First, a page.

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Exp Brain Res. 2006 Nov;175(4):726-44. Epub 2006 Jul 18.

Threshold control of arm posture and movement adaptation to load.

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  • 1Neurological Science Research Center, Department of Physiology, Rehabilitation Institute of Montreal, University of Montreal and Center for Interdisciplinary Research Studies in Rehabilitation CRIR, 6300 Darlington Ave, Montreal, QC, Canada.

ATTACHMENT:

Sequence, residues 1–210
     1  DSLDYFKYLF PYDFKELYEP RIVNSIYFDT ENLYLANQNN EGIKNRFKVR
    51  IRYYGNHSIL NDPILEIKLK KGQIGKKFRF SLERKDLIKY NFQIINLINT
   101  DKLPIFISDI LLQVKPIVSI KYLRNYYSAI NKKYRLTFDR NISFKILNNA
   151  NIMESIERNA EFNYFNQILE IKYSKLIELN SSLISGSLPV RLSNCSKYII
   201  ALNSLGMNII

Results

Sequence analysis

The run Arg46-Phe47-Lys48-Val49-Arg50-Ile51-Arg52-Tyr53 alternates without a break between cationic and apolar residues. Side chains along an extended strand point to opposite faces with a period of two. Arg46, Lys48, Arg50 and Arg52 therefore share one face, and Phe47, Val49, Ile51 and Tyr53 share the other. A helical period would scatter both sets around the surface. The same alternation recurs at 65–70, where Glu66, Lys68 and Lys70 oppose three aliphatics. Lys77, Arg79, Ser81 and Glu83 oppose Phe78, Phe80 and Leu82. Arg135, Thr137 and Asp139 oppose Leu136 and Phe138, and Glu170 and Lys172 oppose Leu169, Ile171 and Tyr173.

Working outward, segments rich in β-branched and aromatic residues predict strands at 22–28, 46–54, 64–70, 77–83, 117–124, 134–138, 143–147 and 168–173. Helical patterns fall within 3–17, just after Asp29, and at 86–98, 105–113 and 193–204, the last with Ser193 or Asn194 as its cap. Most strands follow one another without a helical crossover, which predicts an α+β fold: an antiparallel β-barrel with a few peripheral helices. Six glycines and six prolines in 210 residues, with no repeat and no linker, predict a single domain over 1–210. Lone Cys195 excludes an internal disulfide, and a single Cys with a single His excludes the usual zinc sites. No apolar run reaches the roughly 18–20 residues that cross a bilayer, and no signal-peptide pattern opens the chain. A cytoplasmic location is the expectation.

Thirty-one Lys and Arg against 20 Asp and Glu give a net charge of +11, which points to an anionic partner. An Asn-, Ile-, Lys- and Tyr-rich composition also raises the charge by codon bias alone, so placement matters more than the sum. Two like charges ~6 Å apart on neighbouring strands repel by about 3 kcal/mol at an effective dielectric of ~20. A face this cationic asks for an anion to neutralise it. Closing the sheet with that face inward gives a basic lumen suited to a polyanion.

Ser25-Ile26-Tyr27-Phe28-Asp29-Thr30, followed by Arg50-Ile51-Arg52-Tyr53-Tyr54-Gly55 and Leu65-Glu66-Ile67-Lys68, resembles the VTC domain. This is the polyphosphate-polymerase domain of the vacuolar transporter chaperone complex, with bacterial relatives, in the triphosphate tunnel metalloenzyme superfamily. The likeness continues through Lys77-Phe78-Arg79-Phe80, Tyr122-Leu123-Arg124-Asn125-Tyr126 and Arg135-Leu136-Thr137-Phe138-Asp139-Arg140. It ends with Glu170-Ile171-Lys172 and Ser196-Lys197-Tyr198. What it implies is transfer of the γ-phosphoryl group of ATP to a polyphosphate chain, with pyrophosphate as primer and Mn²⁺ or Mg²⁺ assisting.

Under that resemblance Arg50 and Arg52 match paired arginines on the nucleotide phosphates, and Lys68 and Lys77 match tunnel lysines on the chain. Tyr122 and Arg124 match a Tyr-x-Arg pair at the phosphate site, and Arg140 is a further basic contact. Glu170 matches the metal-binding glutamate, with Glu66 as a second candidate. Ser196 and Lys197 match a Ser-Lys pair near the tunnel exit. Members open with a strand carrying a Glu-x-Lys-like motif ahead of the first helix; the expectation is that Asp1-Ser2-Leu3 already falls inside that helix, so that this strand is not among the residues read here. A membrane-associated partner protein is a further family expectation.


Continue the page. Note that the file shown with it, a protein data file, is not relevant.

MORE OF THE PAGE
We addressed the fundamental questions of which variables underlie the control of arm movement and how they are stored in motor memory, reproduced and modified in the process of adaptation to changing load conditions. Such variables are defined differently in two major theories of motor control (internal models and threshold control). To resolve the controversy, these theories were tested (experiment 1) based on their ability to explain why active movement away from a stable posture is not opposed by stabilizing mechanisms (the posture-movement problem). The internal model theory suggests that the system counteracts the opposing forces by increasing the muscle activity in proportion to the distance from the initial posture (position-dependent EMG control). In contrast, threshold control fully excludes these opposing forces by shifting muscle activation thresholds and thus resetting the stabilizing mechanisms to a new posture. Subjects were sitting, holding the vertical handle of a double-joint manipulandum with their right hand and were facing a computer screen on which the handle and target to be reached were displayed. In response to an auditory signal, subjects quickly moved the handle from an initial position to one of two (frontal and sagittal) targets. No load was applied during the movement but in separate trials, a brief perturbation was applied to the handle by torque motors controlling the manipulandum. Perturbations were applied prior to or 3 s after movement offset, in the latter case in one of eight directions. The EMG activity of the majority of the seven recorded muscles was at zero level before movement onset and returned to zero level after movement offset. Those muscles that remained active before or after the movement could be made silent whereas previously silent muscles could be activated after a small passive displacement (several millimeters) elicited by perturbations in appropriate directions. Results showed that the activation thresholds of motoneurons of arm muscles were reset from the initial to a final position and that EMG activity was not position-dependent. These results were inconsistent with the internal model theory but confirmed the threshold control theory. Then the ability of threshold control theory to explain rapid movement adaptation to a position-dependent load was investigated (experiment 2 and 3). Subjects produced fast movement to the frontal target with and without a position-dependent load applied to the handle. Trials were organized in blocks alternating between the load and no-load condition (20 blocks in total, with randomly chosen number of five to ten trials in each). Subjects were instructed "do not correct" in experiment 2 and "correct" movement errors during the trial in experiment 3. Five threshold arm configurations underlying the movement production and adaptation were identified. When instructed "do not correct", movement precision was fully restored on average after two trials. No significant improvement was observed as the experiment progressed despite the fact that the same load condition was repeated after one block of trials. Thus, in each block, the adaptation was made anew, implying that subjects relied on short-term memory and could not recall the threshold arm configurations they specified to accurately reach the same target in the same load condition in previous blocks. When instructed to "correct" within each trial, precision was restored faster, on average after one trial. Major aspects of the production and adaptation of arm movement (including the kinematics, movement errors, instruction-dependent behavior, and absence of position-related EMG activity) are explained in terms of threshold control.

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